Now, I want to share a recent project that I'm calling the "Tulip dress." I made it for the GB, with inspiration from Janette, of the blog The Green Dragonfly, who made a dress she calls Beautiful Red Dress for her own daughter. I came across this project on Ravelry a while back, and it led me to Janette's blog, which is lovely and full of inspiring crochet- and sewing-related projects. I especially love her creations for little girls. I had already been planning to sew some dresses for the GB to wear this summer, and those are still in process. But when I saw the Beautiful Red Dress, with its crocheted yoke and straps, I wanted to try my hand at a combined sewing-and-crochet dress too. It didn't go as planned and I'm not thrilled with my finished product, but I did enjoy making it and I think it's important to share the duds as well as the successes.
Voila, my Tulip dress. I call it that because of the tulip pattern on the fabric, which is really my favorite part of the whole thing. I found it at Hancock Fabrics, in the cotton calicos section. But it looks like anything but a basic floral calico to me. It almost reminds me of a Scandinavian housewares design, say Marimekko or similar. The pattern is called "Mod Tulips" and it's made by Absolutely Cotton.
Isn't it pretty? I really love the colors. It doesn't photograph exactly true; the background is a purple-blue, iris-like. The stems and leaves are two shades of pale green, the lightest of which looks white here. I bought this fabric quite aimlessly, I had no plan for it, but I had to have a yard of it, especially because the cotton fabrics were on sale. I just couldn't walk away without it. What, me, a fabric-hoarding problem? Pshaw!
Sewing, I'm pretty good at. I wanted the dress to be fairly long, so I measured to below the GB's knee. I hemmed the top and bottom edges and then joined the sides, making a tube. Then I pinned it inside the crocheted yoke, easing it around to make gentle gathers. I like the look of a puffy dress, which is also good for rampant twirling. Because I could already tell that my yoke was not very good, I felt I had little to lose by machine-stitching the skirt and yoke together (Janette hand-stitched hers). After everything was sewn in place, I helped the GB try on her new dress.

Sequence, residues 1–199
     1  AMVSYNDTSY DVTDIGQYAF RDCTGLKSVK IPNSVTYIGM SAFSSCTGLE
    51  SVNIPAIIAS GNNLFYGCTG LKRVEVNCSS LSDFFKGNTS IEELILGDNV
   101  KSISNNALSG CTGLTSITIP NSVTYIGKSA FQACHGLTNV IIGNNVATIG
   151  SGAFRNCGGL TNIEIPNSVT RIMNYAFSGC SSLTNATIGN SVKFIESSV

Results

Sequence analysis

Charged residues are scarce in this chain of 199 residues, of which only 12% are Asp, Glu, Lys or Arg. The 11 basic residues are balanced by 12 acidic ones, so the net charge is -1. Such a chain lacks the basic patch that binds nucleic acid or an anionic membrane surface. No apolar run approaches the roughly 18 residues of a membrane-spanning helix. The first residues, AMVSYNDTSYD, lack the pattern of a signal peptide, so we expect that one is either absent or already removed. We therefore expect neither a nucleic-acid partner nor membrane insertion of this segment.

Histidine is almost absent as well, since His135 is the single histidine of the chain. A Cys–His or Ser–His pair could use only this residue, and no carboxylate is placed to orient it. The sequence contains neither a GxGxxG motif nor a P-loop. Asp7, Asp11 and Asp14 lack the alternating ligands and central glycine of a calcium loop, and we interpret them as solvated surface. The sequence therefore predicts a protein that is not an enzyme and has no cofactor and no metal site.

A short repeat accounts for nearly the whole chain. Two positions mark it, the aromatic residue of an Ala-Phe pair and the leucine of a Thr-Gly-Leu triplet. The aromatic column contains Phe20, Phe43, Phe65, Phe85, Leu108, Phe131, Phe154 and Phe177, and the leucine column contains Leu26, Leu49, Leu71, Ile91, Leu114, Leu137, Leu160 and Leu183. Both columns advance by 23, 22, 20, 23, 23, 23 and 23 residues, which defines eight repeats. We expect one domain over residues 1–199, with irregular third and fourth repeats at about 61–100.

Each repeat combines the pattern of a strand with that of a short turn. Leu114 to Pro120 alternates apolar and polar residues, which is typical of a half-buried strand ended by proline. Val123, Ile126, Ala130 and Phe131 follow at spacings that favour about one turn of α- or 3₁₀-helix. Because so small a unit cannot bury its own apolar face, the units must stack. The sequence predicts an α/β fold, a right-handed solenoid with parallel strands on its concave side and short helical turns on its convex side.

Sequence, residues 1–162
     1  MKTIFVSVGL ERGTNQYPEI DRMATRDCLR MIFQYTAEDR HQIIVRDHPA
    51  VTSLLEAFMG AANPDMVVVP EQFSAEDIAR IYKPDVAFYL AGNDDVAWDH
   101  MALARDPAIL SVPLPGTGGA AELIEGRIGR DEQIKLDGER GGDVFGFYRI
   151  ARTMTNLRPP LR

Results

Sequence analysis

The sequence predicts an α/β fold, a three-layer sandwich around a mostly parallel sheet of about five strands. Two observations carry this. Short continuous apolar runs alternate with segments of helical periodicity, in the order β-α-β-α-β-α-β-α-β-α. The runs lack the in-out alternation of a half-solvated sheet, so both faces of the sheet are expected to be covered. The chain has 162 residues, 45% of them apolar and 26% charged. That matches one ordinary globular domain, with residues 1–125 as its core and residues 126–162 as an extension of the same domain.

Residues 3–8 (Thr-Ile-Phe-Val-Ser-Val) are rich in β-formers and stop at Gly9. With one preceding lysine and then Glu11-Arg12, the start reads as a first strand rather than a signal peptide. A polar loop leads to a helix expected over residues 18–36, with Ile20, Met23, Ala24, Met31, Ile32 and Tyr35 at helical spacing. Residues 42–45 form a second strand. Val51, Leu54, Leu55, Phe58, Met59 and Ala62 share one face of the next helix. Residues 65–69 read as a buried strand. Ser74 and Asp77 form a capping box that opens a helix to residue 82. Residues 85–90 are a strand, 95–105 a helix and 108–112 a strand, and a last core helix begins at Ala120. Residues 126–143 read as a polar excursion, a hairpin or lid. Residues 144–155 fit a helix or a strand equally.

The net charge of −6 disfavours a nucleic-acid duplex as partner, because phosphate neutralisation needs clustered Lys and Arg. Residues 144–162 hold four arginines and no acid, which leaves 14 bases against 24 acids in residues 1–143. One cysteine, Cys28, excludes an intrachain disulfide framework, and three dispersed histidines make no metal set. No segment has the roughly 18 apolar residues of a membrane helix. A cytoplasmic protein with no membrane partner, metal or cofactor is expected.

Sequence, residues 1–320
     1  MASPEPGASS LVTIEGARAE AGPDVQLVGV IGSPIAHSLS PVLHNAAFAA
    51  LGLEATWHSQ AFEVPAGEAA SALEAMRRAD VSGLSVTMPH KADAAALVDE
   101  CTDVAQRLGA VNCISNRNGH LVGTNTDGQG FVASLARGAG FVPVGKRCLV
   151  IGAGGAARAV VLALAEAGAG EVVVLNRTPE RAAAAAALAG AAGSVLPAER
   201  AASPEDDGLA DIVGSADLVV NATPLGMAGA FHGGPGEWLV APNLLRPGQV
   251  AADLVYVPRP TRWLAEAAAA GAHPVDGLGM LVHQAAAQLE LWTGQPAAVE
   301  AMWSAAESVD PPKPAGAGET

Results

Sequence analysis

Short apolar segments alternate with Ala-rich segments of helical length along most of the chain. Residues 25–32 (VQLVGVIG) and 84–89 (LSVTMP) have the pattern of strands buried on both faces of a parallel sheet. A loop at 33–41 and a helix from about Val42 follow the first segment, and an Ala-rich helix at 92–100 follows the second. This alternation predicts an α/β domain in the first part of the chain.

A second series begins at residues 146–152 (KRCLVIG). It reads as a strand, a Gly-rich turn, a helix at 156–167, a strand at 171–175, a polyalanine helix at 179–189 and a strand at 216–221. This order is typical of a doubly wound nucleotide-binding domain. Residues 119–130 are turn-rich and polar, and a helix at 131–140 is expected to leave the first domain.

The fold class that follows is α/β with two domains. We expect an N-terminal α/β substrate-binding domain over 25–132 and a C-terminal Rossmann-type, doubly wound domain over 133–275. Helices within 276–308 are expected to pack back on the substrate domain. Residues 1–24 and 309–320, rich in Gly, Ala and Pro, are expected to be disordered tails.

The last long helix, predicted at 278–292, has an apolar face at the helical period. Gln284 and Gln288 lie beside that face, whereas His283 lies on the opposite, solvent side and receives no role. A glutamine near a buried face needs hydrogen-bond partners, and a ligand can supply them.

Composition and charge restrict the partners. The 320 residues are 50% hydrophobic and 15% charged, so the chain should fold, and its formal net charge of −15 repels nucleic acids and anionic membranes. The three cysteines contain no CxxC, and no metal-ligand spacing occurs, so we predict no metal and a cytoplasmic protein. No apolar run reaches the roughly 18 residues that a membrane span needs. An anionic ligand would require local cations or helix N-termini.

The poor child was engulfed by her summer sundress. The straps had stretched so much that the skirt ended nearly at her ankles. The crocheted bodice is so low that she can't possibly wear this dress without a shirt underneath, which sort of defeats the purpose of a breezy summertime dress. The straps barely stay on her shoulders because they're so far apart; I think the shirt is actually helping to keep them up, by friction alone. I felt like apologizing to her, because she knew I was making a dress for her and she was excited. Then I produced this thing.
Unexpectedly, she loves it! She pronounced it "very pretty" and she wore it for awhile, telling me she "always wanted a long dress, like you wear." I do wear long skirts sometimes ("maxi skirts," if you're fashionable); I guess I've made an impression. The dress is much too big for her, barely staying on her shoulders, but she's happy. I think we'll put it away and see if it fits better in a year or two. This dress could have been great, if I'd paid closer attention to the stretching and strap-misplacement and skirt length...hey, there were a lot of mistakes here. I could fix them, or let them be. I haven't decided yet. I do know that her happiness makes me happy, and this dress makes her happy - surprisingly so. She only knows that her mom made her a new dress, she doesn't see the mistakes. She makes me want to heap pretty, handmade things on her. Not to the point of spoiling her, you see, but because she inspires me to try new crafty, girly things - sort of a crafting muse. I felt sorry for myself for a little while - this should have been easy! - but it passed. This may be a crafting "fail," but I learned a few things and I liked working on it, so I'm feeling happy too.